This was my first naked-eye sighting of the heliacal rising this year. I first saw it on August 4, 2016, at 6:03 am (one minute after sunrise) with 16x70 binoculars when it was at 2.5 altitude, but I haven't had the opportunity to look between August 4 and 13. This morning, it wasn't that difficult to see with unaided eyes and I was able to follow it at least through 5:53 am (6.5 altitude) when I left the site. I suspect that Sirius could be spotted naked-eye at least a couple of days before August 13 if the weather was favorable. Here's a tabulation of my heliacal sightings of Sirius for the span from 2012 (when I started paying attention to it) through 2016. Here's a nice Sky & Telescope article by Bob King about the heliacal rising of Sirius.

On August 25, 2016, at 5:25 am (63 minutes before sunrise), while putting out the trash at home in Maple Shade, NJ, I couldn't help but notice Sirius blazing in a still fairly dark sky.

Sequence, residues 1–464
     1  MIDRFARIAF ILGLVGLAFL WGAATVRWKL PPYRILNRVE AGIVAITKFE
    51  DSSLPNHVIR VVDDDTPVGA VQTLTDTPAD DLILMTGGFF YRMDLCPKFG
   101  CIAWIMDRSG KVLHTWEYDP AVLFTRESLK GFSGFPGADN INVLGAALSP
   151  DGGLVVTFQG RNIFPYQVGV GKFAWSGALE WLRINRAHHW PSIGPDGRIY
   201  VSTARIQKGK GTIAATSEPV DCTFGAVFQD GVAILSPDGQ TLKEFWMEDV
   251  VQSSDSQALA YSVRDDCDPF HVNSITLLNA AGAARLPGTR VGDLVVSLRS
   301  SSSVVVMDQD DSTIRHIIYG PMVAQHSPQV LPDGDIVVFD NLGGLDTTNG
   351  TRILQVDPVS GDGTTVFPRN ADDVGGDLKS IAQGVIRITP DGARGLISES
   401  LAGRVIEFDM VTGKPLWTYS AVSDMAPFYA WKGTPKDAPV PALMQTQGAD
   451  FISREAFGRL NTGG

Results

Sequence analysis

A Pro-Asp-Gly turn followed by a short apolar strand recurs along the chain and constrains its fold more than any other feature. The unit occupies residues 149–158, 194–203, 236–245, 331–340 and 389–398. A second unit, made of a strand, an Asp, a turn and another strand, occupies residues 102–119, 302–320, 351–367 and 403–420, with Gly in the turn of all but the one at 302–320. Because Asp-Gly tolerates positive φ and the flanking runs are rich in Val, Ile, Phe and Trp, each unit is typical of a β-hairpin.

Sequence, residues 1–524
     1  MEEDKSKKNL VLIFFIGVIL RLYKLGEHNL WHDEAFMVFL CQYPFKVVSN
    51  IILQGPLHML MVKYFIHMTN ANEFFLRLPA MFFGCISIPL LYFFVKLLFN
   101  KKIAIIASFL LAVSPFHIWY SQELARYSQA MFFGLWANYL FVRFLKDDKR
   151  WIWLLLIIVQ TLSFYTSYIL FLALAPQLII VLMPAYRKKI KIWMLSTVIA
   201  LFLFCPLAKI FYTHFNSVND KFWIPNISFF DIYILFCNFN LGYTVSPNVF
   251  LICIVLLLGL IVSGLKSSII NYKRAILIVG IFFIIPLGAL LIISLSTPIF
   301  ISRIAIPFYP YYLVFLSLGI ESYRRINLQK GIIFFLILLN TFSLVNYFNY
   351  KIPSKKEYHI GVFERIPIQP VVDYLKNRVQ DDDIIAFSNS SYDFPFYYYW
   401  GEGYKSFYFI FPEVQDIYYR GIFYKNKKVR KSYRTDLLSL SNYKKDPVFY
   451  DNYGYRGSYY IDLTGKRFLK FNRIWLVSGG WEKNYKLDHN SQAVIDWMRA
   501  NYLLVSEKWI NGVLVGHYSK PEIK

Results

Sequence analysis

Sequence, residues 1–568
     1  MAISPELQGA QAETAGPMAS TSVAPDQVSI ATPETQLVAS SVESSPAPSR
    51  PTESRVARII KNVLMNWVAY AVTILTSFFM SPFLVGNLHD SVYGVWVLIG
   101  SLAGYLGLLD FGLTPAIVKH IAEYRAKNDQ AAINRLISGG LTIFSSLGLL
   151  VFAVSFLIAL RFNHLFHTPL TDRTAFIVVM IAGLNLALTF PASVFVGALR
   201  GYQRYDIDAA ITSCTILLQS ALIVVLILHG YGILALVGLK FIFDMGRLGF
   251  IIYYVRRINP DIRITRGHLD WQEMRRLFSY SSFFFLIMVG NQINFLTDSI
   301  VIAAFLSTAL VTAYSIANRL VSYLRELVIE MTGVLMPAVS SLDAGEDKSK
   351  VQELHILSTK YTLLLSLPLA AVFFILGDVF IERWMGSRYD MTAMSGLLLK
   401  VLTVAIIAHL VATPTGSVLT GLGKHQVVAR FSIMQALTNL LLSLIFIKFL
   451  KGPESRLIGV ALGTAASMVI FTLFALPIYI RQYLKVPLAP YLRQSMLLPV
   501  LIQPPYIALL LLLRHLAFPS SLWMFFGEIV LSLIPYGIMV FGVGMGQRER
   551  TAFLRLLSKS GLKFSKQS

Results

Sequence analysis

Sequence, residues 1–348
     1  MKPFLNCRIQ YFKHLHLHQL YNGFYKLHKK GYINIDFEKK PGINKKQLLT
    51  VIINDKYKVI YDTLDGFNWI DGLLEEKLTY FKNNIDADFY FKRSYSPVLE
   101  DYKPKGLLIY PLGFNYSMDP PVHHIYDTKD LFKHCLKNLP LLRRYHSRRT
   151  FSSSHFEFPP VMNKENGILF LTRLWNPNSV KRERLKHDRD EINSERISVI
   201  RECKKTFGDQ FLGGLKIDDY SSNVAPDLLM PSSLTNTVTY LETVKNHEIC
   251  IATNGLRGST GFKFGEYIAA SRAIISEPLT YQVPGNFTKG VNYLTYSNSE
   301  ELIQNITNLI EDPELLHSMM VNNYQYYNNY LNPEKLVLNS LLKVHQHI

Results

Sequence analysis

Perseid Meteor
August 12, 2016

A Perseid Meteor was captured at 1:50 am EDT on August 12, 2016, from Swede Run in Moorestown, NJ. The meteor's six-degree-long trail passes just below M31, the Andromeda Galaxy (mouseover for labels). Conditions were not ideal for meteor observing due to the clouds and haze, and only a few were seen visually during the time there from about 1:15 to 2:45 am. One wonders how bright the pictured meteor would have been if the sky was clear (this one was not seen visually, and the stars in the picture were not as bright or numerous visually). Taken with a Canon 6D digital SLR camera on a fixed tripod and a Sigma 20 mm f/1.4 lens. Exposed 10 seconds at f/2, ISO 400 with tungsten white balance. An intervalometer was used to trigger successive ten-second exposures between 1:25 and 2:31 am, but the vast majority of the 279 frames captured were devoid of meteors (scroll down for an update). Here's a Sky & Telescope article on the Perseids.

The image below is a magnifying crop of the meteor trail from the image above (mouseover for labels).